Vancouver Feature: Pauline Johnson Names Lost Lagoon | The Canadian Encyclopedia


Vancouver Feature: Pauline Johnson Names Lost Lagoon

The following article is a feature from our Vancouver Feature series. Past features are not updated.

Lost Lagoon, near the entrance to Stanley Park, was once a tidal flat linked to Coal Harbour to the east. When the tide came in, water flooded almost all the way to English Bay. When it receded, it left a muddy bog behind. It was the construction of the causeway that created the lagoon, and poet Pauline Johnson who named it.
Tekahionwake (Pauline Johnson)

Tekahionwake, better known as Pauline Johnson, gave Lost Lagoon its name. This photo dates from around 1895. Library and Archives Canada C-085125.

The fountain at Lost Lagoon at night, between 1936 and 1945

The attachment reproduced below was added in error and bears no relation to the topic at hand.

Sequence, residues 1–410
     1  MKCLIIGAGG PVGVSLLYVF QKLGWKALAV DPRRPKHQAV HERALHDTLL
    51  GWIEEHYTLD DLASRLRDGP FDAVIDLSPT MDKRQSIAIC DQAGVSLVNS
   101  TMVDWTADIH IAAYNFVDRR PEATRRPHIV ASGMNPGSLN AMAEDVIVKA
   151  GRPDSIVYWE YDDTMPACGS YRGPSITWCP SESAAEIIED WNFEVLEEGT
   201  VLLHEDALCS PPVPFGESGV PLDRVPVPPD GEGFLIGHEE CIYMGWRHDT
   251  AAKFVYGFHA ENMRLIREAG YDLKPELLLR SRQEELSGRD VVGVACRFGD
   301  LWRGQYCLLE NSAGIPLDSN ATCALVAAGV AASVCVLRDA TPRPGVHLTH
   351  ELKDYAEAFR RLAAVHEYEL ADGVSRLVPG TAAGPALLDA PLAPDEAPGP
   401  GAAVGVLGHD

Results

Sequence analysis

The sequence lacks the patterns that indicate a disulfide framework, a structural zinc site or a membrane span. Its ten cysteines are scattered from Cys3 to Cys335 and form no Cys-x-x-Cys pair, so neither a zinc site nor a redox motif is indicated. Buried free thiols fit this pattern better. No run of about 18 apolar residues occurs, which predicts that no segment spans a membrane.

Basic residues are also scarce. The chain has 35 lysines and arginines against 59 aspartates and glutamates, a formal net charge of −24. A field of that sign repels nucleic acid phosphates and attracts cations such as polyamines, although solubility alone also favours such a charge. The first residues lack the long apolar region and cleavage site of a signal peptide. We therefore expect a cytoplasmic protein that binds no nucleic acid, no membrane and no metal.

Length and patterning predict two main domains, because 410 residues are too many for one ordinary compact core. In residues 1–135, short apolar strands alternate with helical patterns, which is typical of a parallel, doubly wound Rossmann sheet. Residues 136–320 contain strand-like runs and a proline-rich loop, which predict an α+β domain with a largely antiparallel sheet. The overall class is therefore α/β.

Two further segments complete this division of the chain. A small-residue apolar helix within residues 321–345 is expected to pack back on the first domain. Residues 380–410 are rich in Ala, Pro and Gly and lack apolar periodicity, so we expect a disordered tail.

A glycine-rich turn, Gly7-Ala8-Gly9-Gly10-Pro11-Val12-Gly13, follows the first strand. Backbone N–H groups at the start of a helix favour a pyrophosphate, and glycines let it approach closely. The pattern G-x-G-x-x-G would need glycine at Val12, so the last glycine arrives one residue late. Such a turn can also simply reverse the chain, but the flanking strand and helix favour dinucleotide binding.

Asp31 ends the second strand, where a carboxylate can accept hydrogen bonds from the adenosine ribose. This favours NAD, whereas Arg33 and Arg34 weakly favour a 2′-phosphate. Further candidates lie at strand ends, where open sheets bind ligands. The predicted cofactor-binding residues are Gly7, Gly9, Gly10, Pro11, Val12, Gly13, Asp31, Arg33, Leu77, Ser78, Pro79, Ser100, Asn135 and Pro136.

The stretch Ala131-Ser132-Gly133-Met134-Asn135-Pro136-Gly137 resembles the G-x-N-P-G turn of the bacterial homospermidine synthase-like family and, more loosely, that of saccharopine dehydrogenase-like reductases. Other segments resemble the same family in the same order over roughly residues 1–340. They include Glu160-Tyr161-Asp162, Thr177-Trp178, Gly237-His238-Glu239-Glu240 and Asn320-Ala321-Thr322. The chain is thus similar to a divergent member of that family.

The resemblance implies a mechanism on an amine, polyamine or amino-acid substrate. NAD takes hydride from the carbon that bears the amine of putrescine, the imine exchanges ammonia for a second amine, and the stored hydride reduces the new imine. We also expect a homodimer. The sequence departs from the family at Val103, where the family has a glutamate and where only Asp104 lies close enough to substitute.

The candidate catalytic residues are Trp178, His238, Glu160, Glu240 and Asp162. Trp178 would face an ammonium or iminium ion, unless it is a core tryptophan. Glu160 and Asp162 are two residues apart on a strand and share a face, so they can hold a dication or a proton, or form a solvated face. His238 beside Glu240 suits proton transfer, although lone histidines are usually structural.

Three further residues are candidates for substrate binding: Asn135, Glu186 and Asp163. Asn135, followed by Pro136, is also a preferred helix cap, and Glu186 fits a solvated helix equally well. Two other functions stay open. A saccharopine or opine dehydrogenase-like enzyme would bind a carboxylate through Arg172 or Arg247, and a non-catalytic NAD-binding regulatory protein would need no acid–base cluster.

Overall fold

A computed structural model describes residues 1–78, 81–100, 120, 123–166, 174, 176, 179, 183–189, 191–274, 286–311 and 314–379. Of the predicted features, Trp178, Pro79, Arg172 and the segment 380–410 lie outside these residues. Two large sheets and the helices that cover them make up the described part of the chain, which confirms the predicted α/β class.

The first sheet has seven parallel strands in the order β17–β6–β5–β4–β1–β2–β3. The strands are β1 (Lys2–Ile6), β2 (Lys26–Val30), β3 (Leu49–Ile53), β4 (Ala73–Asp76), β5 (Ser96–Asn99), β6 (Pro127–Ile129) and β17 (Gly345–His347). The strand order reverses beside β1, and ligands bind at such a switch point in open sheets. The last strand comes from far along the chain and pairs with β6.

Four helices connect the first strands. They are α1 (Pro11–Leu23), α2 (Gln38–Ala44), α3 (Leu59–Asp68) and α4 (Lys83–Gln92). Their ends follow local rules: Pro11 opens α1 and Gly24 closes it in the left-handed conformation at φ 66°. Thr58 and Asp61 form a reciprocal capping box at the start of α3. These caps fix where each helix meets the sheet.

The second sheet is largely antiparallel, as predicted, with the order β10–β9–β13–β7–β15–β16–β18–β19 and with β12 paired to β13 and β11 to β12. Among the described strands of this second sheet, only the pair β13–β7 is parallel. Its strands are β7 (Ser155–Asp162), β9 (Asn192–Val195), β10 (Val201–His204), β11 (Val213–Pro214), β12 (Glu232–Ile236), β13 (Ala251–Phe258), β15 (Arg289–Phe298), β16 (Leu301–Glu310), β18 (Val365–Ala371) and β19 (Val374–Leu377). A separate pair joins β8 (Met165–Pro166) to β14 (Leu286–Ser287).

Major Matthews Collection, Vancouver City Archives LP 219.

Lost Lagoon Fountain

The fountain in Lost Lagoon was originally from the Chicago World's Fair.

The poet Pauline Johnson — whose work drew heavily on her mixed-race identity as Haudenosaunee and British — was like a touring pop star in her day, performing her poetry on stages across Canada and around the world. In 1909 she settled in Vancouver and in one of her poems she gave a name to the tidal lagoon where she used to walk.

It is dark on the Lost Lagoon
And we two dreaming the dusk away
Beneath the drift of a twilight grey
Beneath the drowse of a golden moon

When Johnson died of breast cancer in 1913 her ashes were buried in Stanley Park and in 1922 a memorial in her honour was placed near Third Beach.

Lost Lagoon was created during World War One when construction of the traffic causeway divided it from Coal Harbour and Burrard Inlet. Stocked with trout in 1929, the lagoon was used for many years for fishing and boating. The fountain dates to 1936 when it was installed to celebrate Vancouver’s 50th birthday.